Govt maps out a draconian law

dream daliThe Geospatial Information Regulation Bill, 2016, with severe punishment for the wrong depiction of the map of India, is yet another ritualistic frivolity the Narendra Modi government intends to indulge in. Quite apart from the fact that the legislation gives the false impression of a strong measure to promote national security, it is grossly illiberal.

To begin with, imprisonment with a maximum term of seven years and fine up to Rs 100 crore is harsh and excessive. The Bill stipulates permission from a government authority before acquiring, disseminating, publishing, or distributing any geospatial information of India. “No person shall depict, disseminate, publish or distribute any wrong or false topographic information of India including international boundaries through internet platforms or online services or in any electronic or physical form.”

Further, “whoever acquired any geospatial information of India in contravention of the law shall be punished with a fine ranging from Rs 1 crore to Rs 100 crore and/or imprisonment for a period up to seven years.”

Apart from the harshness of the provisions, there is the issue of innocent and careless depiction of wrong maps. It is an indisputable fact that good laws may or may not yield good results but bad ones are also misused and abused. Section 498A and the new provisions enlarging the scope of the outraging of a woman’s modesty are some cases in point. The notorious Section 66A of the Information Technology Act, which was struck down by the Supreme Court last year, was also widely misused all over the country. In general, such legal provisions empower the unscrupulous and cops, at the expense of the law-abiding citizen.

Then there is the question: would the proposed law improve national security? It needs to be emphasized here that national security is a function of the overall efficacy of statecraft, and thus depends on the law-and-order situation, the justice system, general administration, the national defence doctrine, and the foreign policy paradigm. In short, national security has a very strong correlation with the health of the body politic. Improving its health by way of a law is akin to using slimming pills; ill effects invariably follow. This is the reason that tough laws like Tada and Pota were finally withdrawn.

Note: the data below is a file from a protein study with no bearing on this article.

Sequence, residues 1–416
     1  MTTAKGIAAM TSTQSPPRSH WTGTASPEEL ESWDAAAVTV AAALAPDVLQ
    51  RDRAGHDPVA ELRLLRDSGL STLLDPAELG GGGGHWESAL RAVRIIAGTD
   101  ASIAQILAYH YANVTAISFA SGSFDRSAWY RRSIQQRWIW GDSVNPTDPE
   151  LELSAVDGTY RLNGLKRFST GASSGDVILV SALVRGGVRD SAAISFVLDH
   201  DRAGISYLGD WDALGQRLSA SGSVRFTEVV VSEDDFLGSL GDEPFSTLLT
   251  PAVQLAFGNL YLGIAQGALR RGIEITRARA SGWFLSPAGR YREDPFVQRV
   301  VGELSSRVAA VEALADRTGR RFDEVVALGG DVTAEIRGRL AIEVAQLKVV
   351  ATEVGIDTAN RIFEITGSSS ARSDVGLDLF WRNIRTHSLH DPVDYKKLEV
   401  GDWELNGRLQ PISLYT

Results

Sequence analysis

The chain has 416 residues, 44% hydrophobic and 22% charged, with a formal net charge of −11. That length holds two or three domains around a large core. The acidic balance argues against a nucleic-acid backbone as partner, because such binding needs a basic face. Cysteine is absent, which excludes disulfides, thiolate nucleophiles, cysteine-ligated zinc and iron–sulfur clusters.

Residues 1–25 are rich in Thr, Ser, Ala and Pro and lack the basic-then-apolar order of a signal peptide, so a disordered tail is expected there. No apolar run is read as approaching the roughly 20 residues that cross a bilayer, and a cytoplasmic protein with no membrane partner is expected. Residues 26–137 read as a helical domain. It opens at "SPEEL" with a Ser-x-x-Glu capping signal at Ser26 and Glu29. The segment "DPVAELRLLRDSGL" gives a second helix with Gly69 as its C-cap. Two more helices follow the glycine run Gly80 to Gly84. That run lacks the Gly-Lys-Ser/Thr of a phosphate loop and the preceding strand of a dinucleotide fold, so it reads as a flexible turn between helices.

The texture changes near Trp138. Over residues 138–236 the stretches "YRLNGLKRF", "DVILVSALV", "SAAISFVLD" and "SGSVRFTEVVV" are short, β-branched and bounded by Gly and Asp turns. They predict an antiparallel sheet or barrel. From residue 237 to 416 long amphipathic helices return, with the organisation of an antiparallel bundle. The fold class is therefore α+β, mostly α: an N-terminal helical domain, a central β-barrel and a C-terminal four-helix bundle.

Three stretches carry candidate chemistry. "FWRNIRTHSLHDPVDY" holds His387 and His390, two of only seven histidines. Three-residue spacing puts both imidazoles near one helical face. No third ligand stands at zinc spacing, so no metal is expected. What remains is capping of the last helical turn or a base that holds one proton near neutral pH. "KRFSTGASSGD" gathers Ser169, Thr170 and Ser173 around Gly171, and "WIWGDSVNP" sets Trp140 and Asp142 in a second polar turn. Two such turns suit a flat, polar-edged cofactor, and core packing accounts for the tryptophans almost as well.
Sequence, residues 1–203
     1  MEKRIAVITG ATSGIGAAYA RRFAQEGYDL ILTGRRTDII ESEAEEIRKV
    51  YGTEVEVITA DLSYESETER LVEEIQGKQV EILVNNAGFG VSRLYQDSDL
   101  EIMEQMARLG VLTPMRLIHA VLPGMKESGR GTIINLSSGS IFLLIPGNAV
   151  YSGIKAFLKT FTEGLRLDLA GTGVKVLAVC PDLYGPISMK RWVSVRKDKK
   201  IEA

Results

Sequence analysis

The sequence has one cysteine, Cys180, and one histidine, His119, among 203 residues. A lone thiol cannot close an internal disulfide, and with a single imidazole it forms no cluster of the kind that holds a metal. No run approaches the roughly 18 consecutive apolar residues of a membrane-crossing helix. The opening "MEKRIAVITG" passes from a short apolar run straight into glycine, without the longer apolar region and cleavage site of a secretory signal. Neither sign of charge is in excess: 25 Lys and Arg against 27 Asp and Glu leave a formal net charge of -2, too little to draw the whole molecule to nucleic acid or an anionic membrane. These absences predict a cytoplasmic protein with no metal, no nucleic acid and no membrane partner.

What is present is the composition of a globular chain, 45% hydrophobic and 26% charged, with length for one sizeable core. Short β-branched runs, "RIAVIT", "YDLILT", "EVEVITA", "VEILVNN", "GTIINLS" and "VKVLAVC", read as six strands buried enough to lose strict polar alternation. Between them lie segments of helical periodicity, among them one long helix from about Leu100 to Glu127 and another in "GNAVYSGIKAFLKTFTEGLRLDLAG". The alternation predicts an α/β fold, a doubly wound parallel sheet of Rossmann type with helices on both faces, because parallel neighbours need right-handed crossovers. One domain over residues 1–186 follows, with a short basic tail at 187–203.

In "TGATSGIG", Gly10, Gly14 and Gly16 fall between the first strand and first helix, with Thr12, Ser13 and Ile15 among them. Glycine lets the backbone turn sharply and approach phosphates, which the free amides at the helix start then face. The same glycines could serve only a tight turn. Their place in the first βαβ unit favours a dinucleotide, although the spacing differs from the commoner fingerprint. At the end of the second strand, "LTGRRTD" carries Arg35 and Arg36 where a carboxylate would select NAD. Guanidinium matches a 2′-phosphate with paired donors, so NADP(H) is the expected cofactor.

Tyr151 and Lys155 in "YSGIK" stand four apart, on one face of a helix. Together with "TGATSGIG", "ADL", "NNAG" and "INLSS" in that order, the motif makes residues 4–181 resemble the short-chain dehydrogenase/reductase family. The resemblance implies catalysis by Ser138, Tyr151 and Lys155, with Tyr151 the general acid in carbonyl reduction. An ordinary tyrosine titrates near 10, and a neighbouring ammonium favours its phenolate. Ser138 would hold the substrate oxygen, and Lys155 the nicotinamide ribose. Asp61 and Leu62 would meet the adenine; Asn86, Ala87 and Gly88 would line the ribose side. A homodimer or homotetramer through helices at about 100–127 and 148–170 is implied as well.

Yet, the charm of special laws is irresistible. For a law is an event, and endeavor to improve governance is a process; the former can be sexy, the latter is full of hard work, even drudgery; the former can be celebrated, the latter can’t be. The United Progressive Alliance could say, and it does say, ‘We brought Nrega. We ensured employment to rural masses.’ But the National Democratic Alliance does not say, ‘We generated 60 million jobs in six years (1998-2004).’ The NDA’s silence over its own excellence is less because of its folly than the perverted state of our public discourse which glorifies statist monstrosities like Nrega that make serfs out of freemen and freewomen. The truth, at any rate, is that events are considered marketable while processes are regarded as electorally less attractive. Hence the appeal of laws in the political class.

The purpose of the proposed legislation seems to appear tough against the enemies of the nation: a regime obsessed with jamborees, optics, and theatrics is concerned primarily with appearances; and the reality is… who cares about it anyway? Therefore, it is not surprising that, despite its bluff and bluster, the Modi government has failed to do anything substantive to improve defence and security.

Modi tries to boast about his personal chemistry with US President Barack Obama by calling him by his Christian name, but this fails to humor the latter. The word ‘India’ does not appear in the 20,000-word Obama doctrine, a treatise prepared by the prominent journalist Jeffrey Goldberg. China continues to be aggressive and obnoxious—the latest instance being its veto at the UN on Azhar Masood—Modi’s Sabarmati bonhomie with Chinese President Xi Jinping notwithstanding. Pakistan remains stubborn in its support of jihadist terror. We have no say in the affairs of Afghanistan despite our good work in rebuilding that war-torn nation. Nepal is getting closer to China.

If the Modi regime feels that its all-around failure on defence, security, and foreign policy can be camouflaged by bringing out an illiberal law, it is being delusional.